In terms of energy use in homes, it is easy for governments to continually increase the expectations of energy efficiency in new homes, to the point that they are effectively carbon neutral across their lifetimes. However, new housing stock is only ever the tiniest of proportions of our housing stock. The much bigger challenge is retrofitting and improving our centuries-old housing stock. This is made all the more challenging through the diversification of housing and its governance. For example, how can we incentivise small private landlords (who are often landlords by accident) to spend substantial sums improving a property for little direct immediate benefit to themselves? After a substantial period of austerity, which for social landlords in England involved rent caps and reduced maintenance, how can we ensure our social housing stock is brought up to the highest standards of energy efficiency?
The challenges leaseholders have faced with the cladding crisis demonstrate just some of the problems we will face in delivering improvements to properties in the owner-occupied sector, particularly for those in the lowest-value homes who will struggle to access financial products to pay for such improvements. The embodied carbon in building materials also highlights how unsustainable demolition-and-rebuild is, even with high rates of recycling construction materials.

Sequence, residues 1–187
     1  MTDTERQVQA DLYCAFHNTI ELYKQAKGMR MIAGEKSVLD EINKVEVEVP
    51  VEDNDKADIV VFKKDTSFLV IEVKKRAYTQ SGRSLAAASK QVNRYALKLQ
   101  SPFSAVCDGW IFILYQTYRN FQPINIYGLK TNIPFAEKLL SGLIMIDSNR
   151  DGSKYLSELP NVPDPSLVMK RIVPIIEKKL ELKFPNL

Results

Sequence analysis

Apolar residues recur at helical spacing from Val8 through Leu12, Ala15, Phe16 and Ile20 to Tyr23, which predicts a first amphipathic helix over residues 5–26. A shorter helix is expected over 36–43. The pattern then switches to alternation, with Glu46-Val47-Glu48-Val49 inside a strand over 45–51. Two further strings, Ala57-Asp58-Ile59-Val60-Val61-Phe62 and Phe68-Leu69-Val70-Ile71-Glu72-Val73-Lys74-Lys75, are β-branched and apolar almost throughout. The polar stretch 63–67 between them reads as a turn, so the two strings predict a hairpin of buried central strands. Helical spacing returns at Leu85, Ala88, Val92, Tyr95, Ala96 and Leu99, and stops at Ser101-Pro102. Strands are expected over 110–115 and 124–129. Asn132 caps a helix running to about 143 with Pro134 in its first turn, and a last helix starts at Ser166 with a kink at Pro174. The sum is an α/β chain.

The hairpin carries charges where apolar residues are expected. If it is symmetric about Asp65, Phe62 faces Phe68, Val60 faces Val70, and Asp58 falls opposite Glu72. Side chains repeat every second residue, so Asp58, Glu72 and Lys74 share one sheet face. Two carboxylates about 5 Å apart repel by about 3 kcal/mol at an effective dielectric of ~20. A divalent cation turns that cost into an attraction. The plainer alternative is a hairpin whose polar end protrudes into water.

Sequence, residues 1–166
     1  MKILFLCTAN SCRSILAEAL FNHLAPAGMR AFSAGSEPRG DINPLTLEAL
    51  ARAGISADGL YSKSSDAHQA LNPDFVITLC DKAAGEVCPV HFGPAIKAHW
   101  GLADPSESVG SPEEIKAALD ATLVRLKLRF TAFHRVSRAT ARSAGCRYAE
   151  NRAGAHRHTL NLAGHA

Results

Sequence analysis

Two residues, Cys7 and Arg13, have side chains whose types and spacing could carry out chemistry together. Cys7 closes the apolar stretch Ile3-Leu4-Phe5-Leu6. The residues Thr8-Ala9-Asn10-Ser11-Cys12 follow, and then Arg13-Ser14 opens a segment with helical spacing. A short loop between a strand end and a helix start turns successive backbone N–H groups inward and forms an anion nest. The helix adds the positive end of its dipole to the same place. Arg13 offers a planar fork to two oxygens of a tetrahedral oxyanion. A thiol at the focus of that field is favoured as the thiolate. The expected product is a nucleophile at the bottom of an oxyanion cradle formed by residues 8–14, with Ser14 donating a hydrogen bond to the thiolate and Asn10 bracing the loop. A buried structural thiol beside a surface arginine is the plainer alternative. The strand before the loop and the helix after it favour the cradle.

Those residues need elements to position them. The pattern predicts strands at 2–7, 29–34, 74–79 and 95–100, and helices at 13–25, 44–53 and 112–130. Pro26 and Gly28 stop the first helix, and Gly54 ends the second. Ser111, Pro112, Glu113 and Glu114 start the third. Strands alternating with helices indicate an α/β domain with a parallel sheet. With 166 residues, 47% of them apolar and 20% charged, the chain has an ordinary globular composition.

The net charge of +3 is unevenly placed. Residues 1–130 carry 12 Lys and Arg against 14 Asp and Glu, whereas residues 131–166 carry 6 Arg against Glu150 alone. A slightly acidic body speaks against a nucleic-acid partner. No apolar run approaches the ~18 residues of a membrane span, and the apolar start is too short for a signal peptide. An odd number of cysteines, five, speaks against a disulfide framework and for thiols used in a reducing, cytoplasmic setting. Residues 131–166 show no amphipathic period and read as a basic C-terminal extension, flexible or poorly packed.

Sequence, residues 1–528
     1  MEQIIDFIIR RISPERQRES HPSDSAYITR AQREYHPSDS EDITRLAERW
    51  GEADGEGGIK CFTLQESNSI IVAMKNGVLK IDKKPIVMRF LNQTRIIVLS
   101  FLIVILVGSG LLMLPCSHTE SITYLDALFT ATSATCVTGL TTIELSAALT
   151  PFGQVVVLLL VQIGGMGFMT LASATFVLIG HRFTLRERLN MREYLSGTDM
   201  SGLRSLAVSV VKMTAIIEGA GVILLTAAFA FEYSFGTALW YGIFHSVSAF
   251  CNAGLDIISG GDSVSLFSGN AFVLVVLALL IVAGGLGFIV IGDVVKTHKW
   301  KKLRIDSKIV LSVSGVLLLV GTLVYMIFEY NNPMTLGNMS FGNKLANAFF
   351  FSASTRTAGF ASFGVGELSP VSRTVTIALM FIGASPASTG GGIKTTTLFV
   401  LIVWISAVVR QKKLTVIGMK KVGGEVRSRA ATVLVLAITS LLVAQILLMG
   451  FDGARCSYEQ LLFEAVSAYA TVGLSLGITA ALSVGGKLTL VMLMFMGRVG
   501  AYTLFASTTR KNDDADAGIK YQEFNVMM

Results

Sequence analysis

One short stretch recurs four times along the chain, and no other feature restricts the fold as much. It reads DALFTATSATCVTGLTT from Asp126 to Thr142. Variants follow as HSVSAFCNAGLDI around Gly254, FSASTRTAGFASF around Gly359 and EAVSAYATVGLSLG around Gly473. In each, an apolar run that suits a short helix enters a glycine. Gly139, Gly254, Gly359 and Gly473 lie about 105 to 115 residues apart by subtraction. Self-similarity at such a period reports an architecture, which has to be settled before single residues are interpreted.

A further immediate challenge faced by the UK is to remove our reliance on natural gas for heating and hot water. At the moment policymakers, housing providers, and local authorities are wondering whether it will be hydrogen networks, air-source heat pumps, district heating, or other technologies, or a combination of all of these, that will allow us to meet our target of ending the installation of new natural gas boilers in 2030. This is after decades of policy actively encouraging a shift from (then) higher-carbon electric heating to natural gas. Any shift in energy source will require substantial changes to infrastructure that has been in existence for up to 200 years.
These are just some of the issues we have to consider before we even begin to think about where our housing is and whether local services and employment are easily accessible by foot, bicycle or public transport. Concepts like “the 15 minute neighbourhood” are growing in popularity in the UK, but will require profound changes in how we spatially organise our cities to move away from a dependence on the car.
These are not new issues and have been recognised as challenges by housing professionals and town planners for over 40 years. However, the most recent IPCC report shows how urgent these policy changes are. As noted above, this looks like a win-win for social policy. The advantages of a shift to zero-carbon housing, if managed correctly, will accrue for those in greatest need, whether they are struggling to pay their energy bills, or struggling to access services due to transport costs.
To achieve these goals requires policy coordination beyond what is already occurring, and as in 1945 with the birth of the post-Beveridge welfare state, the state intervening into individual’s lives and market activities in a way not seen before. The state was a key actor in creating the carbon-intensive housing infrastructure we have inherited. If we are to meet the challenge raised by the IPCC’s report will require a similar level of ambition in thought and deed; not just simply switching the gas taps to hydrogen taps.
Dr Peter Matthews and Dr Steve Rolfe, University of Stirling. The authors are members of the SPA’s Housing Policy Group, which tweets @HousingSPA.
Blogs give the views of the author(s), and not of the Social Policy Association.